Chicago v. Fulton
What's at Stake
Whether a creditor violates the Bankruptcy Code when it decides, after a debtor has filed for bankruptcy, not to comply with its obligation to return estate property to the debtor, thereby frustrating the individual’s ability to get a fresh start through bankruptcy.
An unprecedented rise in civil and criminal fines and fees over the past three decades has propelled people into bankruptcy. Fueled by local and state governments’ quest for revenue, the explosion of fines and fees has buried millions of people under mountains of debt. Those who cannot immediately pay face harsh collection tactics, including the seizure and impoundment of their vehicles.
Chicago v. Fulton concerns three bankruptcy cases resulting from Chicago’s vast vehicle impoundment program, which is part of this nationwide trend. Chicago seized the cars of three individuals for unpaid tickets or for driving on a license suspended for unpaid tickets. It then levied additional, steep fees for towing, impounding, and storing their cars and insisted on full payment of tickets and fees for the return of their vehicles. Unable to pay thousands of dollars, these individuals filed for Chapter 13 bankruptcy to seek a fresh start. But rather than returning the cars upon the filing of their bankruptcy petitions, Chicago retained the vehicles, hampering these individuals’ ability to go to work and care for their families.
In an amicus brief filed with the U.S. Supreme Court, the ACLU of Illinois, ACLU, Cato Institute, Fines and Fees Justice Center, Institute for Justice, R Street Institute, and the Rutherford Institute provide context necessary to resolve the specific question raised by Chicago v. Fulton: whether a creditor violates the Bankruptcy Code’s automatic stay, 11 U.S.C. § 362(a)(3), when it decides, after a debtor has filed for bankruptcy, not to comply with its obligation under the turnover provision, 11 U.S.C. § 542(a), to return estate property to the debtor, thereby frustrating the individual’s ability to get a fresh start through bankruptcy.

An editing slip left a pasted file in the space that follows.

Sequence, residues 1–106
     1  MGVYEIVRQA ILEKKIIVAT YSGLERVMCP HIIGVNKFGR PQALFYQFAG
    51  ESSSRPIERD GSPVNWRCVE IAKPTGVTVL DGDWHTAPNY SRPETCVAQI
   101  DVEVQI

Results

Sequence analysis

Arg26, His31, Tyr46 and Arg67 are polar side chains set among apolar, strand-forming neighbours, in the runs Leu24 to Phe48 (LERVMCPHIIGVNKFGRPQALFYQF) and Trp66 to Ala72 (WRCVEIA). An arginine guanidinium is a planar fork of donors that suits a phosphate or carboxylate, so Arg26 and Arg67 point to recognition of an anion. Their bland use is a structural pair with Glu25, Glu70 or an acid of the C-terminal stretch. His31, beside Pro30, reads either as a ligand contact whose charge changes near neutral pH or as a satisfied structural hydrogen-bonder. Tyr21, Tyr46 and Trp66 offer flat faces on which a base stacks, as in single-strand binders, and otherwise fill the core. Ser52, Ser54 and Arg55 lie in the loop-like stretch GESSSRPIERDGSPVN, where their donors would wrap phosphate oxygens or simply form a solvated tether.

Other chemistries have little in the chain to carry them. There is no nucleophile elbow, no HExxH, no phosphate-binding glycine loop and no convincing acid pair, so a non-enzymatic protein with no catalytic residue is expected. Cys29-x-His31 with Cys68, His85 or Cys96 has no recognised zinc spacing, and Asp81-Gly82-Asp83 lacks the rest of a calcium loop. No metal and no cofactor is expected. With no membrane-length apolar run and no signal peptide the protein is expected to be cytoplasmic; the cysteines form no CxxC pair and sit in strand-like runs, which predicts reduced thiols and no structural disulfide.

We argue that Chicago’s ticketing and impoundment practices are part of a nationwide trend of governments using fines, fees, and punitive collection practices to raise revenue. These practices have propelled tens of thousands of people to seek bankruptcy relief. Whether an individual’s impounded car is returned to them upon the filing of a bankruptcy petition is a critical factor determining their ability to secure the fresh start Congress intended bankruptcy to provide. Chicago’s retention of a vehicle after a person has filed for bankruptcy frustrates the individual’s ability to earn income and satisfy repayment obligations. Chicago’s position that it can keep people’s cars locked up while they try to repay creditors and discharge debts in bankruptcy contradicts the language and purpose of the Bankruptcy Code.
The Supreme Court should therefore make clear, we argue, that a creditor violates the automatic stay and turnover provisions of the Bankruptcy Code when it refuses to return estate property to the debtor upon the filing of a Chapter 13 bankruptcy petition. This issue is of vital importance not only in Chicago, but in other states and cities across the country where reliance on fines and fees for revenue has led to vehicle impoundment for unpaid tickets.